A previous post of mine at International Liberty addressed the debate over whether Republicans should trim the IRS’s budget. The following case study should convince everyone that the answer is a resounding yes.

First, some background from a Joe Nocera column in the New York Times. The federal government made a rather troubling decision a few years ago to investigate, prosecute, and ultimately imprison a random home-loan borrower named Charlie Engle for the crime of mortgage fraud.

Mr. Engle is far from blameless in this saga, but I noted in another post that it was rather odd that the government would target a nobody while letting all the big fish swim away. This episode certainly paints a picture of a government that has one set of rules for ordinary people, but an entirely different set of rules for the political elite and those who make big campaign contributions to that ruling class.

But I also noted that I’m not a lawyer or legal expert and was unsure about the degree to which the big players actually broke laws, or whether they simply made stupid business decisions (often encouraged by bad government policy).

The most upsetting part of the story, though, is how the government wound up targeting Mr. Engle. It turns out that an IRS agent, Robert Norlander, must have been competing for the IRS’s Bully-of-the-Year Award because here are some of the things he did:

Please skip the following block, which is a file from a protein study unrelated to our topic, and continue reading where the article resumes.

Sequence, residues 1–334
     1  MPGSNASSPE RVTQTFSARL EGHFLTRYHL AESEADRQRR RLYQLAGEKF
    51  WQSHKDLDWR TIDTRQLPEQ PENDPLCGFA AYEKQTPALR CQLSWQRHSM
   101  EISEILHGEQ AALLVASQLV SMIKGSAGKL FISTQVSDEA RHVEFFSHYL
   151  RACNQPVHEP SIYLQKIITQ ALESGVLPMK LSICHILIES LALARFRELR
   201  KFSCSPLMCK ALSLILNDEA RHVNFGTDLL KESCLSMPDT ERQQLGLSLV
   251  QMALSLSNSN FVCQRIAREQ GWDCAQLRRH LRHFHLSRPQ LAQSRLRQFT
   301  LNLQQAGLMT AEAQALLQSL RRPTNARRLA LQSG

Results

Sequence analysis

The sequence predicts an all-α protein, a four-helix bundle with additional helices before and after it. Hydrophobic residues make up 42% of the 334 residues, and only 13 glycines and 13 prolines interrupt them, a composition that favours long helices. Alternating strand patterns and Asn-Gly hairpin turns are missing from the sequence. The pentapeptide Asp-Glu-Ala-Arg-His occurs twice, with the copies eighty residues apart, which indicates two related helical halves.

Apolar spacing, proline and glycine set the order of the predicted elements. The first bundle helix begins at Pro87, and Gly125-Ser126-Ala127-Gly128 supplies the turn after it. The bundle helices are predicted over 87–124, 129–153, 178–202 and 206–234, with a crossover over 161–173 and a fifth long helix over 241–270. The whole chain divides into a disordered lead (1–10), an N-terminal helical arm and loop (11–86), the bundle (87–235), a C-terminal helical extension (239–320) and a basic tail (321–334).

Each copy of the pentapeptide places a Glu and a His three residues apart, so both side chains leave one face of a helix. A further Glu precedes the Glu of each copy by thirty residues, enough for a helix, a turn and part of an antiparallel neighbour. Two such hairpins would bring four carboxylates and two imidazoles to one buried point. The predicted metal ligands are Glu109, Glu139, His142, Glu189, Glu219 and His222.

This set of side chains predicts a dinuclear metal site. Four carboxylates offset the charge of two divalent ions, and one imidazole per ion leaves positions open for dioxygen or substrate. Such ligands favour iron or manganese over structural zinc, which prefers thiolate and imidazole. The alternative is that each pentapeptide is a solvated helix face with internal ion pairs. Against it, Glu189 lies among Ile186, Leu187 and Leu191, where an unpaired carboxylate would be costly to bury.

• Norlander decided to snoop into Engle’s affairs because he saw a film about him training for a marathon. In other words, there was no probable cause, no reasonable suspicion, nothing. Just the perverse decision of an IRS bully to go after someone.
  • Norlander admitted a pattern of thuggish behavior, stating that he will snoop into someone’s private life simply because that person drives an expensive car.
  • Norlander continued to investigate and persecute Engle, subjecting him to undercover surveillance, even though his tax returns showed no wrongdoing.
  • Norlander even engaged in “dumpster dives” to look for evidence of wrongdoing in Mr. Engle’s garbage. Keep in mind that there is no probable cause, no reasonable suspicion, and Engle’s tax returns were legit.
  • Norlander used a sleazy KGB tactic by sending an attractive woman to flirt with Mr. Engle in hopes of getting him to somehow admit to a crime.
  • Norlander failed to find any evidence of a tax crime. He couldn’t even hit Engle with a money-laundering offense. But the undercover agent who was part of the “honey trap” was wearing a wire and supposedly got Engle to admit to mortgage fraud and Norlander used that extremely flimsy evidence to justify a Justice Department case against Engle.